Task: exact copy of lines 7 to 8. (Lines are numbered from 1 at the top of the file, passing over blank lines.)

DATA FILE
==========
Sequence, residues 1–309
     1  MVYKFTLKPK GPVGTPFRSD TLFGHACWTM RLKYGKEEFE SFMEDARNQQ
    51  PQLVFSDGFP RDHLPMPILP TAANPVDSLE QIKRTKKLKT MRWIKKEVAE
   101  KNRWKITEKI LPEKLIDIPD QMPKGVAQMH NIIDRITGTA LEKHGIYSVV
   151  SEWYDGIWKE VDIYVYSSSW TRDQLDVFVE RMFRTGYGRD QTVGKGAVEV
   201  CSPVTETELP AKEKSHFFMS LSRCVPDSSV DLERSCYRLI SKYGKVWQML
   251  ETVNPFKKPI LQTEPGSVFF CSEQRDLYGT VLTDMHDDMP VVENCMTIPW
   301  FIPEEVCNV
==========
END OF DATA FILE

   251  ETVNPFKKPI LQTEPGSVFF CSEQRDLYGT VLTDMHDDMP VVENCMTIPW
   301  FIPEEVCNV